Back down the fireline

  In a new book, Fire and Ashes, author John N. Maclean leads readers through three sweaty-palmed stories about human encounters with wildfire.

Maclean returns to the ground his father, Norman Maclean, covered in the 1992 book, Young Men and Fire. He joins the last living survivor of the 1949 Mann Gulch Fire in Montana to retrace the final steps and moments of the 13 smokejumpers who died, and to re-evaluate government reports and his father’s own conclusions. The author also pushes us into thick chaparral in California during the 1953 Rattlesnake Fire; the arson-caused blaze killed 15 firefighters, 14 of them volunteers from a “missionary boot camp” in the hills. Both fires taught sweeping lessons about fire behavior that came at a tragic cost.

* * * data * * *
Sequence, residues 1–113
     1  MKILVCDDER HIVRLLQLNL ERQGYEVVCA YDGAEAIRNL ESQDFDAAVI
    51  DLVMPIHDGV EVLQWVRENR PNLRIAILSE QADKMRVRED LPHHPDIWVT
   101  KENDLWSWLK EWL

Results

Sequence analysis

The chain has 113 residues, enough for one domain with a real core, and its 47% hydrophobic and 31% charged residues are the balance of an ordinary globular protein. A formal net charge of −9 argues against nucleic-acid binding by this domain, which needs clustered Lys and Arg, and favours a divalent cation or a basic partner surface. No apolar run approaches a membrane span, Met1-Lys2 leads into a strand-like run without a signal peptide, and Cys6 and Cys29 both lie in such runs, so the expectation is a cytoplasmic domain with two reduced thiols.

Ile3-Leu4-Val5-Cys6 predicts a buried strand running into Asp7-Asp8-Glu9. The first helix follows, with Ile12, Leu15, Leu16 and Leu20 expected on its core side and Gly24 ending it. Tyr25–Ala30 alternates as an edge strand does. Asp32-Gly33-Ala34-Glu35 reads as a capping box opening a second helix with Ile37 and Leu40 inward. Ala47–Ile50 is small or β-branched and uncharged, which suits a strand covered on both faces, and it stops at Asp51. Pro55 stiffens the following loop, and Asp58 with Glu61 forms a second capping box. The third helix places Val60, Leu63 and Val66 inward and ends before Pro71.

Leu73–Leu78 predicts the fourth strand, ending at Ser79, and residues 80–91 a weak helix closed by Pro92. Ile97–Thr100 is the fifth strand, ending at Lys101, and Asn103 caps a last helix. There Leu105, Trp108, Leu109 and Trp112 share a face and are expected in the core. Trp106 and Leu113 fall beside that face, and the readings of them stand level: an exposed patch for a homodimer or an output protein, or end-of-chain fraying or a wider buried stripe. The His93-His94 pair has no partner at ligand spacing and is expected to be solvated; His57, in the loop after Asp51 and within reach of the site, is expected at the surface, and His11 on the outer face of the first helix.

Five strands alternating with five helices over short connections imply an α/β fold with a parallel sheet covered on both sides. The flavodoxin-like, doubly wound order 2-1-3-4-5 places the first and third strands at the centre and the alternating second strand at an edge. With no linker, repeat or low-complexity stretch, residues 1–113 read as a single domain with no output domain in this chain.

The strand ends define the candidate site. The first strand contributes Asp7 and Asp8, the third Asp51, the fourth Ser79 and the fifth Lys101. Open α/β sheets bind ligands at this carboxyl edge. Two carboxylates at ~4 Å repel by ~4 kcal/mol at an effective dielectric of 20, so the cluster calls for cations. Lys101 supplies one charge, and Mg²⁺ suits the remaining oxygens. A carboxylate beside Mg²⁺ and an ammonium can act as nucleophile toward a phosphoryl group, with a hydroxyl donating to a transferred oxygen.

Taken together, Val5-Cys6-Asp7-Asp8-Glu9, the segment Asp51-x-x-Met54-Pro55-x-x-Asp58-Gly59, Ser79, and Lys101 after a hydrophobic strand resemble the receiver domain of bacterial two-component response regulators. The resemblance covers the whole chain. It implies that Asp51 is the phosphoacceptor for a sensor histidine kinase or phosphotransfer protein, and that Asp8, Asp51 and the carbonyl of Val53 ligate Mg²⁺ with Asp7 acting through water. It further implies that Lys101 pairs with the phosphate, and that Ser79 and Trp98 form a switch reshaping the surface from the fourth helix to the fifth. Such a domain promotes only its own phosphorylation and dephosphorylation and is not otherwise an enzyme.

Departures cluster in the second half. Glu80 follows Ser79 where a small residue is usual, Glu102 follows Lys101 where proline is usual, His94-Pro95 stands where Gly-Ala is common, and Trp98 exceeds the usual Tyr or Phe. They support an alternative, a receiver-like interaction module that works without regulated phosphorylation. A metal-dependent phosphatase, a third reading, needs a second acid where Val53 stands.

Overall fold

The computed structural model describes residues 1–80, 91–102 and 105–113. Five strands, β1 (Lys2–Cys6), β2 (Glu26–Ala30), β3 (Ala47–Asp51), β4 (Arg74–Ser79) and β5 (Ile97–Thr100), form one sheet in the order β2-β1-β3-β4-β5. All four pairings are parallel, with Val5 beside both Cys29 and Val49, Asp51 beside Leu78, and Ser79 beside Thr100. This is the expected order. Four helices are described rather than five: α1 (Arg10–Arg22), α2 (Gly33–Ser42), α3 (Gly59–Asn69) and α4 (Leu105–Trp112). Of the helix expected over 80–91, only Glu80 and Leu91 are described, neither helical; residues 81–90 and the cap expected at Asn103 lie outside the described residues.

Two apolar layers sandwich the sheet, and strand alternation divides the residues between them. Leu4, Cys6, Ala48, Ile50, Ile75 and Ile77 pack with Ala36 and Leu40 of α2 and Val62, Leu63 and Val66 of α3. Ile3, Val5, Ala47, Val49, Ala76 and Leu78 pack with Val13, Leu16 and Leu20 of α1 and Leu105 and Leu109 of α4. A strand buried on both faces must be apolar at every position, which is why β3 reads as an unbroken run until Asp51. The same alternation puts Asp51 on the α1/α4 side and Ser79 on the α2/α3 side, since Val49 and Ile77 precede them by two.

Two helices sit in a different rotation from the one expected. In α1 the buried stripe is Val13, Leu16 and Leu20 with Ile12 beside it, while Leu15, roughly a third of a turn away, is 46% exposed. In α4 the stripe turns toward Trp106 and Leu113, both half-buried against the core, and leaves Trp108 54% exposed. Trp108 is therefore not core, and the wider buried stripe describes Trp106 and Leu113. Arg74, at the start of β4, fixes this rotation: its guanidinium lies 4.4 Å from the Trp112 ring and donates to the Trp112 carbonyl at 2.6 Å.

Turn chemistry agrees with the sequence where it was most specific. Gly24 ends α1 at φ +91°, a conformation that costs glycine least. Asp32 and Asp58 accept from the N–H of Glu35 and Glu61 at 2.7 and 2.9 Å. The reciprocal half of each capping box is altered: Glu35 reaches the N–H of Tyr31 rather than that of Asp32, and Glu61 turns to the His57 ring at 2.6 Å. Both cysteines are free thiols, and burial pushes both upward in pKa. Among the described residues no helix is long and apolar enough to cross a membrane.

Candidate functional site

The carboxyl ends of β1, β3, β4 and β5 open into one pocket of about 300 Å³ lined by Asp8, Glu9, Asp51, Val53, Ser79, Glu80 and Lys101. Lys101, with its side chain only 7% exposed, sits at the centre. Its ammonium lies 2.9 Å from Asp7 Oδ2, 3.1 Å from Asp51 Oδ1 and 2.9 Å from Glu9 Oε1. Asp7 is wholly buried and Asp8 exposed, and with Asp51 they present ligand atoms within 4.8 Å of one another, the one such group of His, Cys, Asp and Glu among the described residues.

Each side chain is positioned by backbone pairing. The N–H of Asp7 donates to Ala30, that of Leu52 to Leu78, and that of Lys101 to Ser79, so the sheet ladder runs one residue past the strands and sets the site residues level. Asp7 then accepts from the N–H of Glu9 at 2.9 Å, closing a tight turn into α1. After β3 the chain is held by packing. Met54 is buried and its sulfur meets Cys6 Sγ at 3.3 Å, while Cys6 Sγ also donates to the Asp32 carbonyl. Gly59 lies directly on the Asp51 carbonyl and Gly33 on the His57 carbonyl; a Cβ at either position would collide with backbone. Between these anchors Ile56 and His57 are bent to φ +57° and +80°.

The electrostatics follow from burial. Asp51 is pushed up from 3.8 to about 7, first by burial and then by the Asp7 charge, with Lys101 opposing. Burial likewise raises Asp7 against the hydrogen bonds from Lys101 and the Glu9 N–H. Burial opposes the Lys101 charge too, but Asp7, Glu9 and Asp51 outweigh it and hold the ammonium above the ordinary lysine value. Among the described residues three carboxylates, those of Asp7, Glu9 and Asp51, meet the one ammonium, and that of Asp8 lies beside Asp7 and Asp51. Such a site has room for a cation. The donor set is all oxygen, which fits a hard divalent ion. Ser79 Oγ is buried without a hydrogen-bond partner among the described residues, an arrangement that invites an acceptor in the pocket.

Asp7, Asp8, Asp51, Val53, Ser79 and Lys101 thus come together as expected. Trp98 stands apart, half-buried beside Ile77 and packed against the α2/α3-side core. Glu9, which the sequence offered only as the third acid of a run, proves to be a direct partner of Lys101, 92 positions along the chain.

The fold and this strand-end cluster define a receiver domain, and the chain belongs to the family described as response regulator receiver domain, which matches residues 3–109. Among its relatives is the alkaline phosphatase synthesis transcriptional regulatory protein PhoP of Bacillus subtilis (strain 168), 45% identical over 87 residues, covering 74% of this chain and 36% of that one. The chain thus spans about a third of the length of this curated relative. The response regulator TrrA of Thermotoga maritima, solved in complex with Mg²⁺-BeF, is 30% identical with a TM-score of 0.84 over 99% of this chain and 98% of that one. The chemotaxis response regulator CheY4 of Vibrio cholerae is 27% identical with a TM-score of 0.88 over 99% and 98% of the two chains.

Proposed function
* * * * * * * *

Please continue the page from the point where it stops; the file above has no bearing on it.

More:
In the book’s central story, Maclean drops us into the northern Nevada desert in 1999. On the Sadler Fire, a fire whirl — the near-supernatural spawn of a dust devil and flames, scarier than any horror-film stalker — entraps six inexperienced firefighters who are saved by an inexplicable, last-second change of wind. The story, which began as a column Maclean wrote for HCN’s Writers on the Range in 1999, chronicles a new era in firefighting where crews can “just say ‘no’ ” to dangerous situations.

John Maclean’s accounts of people and flames are threaded with themes of faith, mortality and the mysteries of the natural and the supernatural. “As long as no one is standing in its way, a (wildfire) is a natural event,” writes Maclean. “Put people in front of it, and it becomes the stuff of tragedy.”

Fire and Ashes: On the Front Lines of American Wildfire
by John N. Maclean
238 pages, hardcover $25.
Henry Holt and Company, 2003.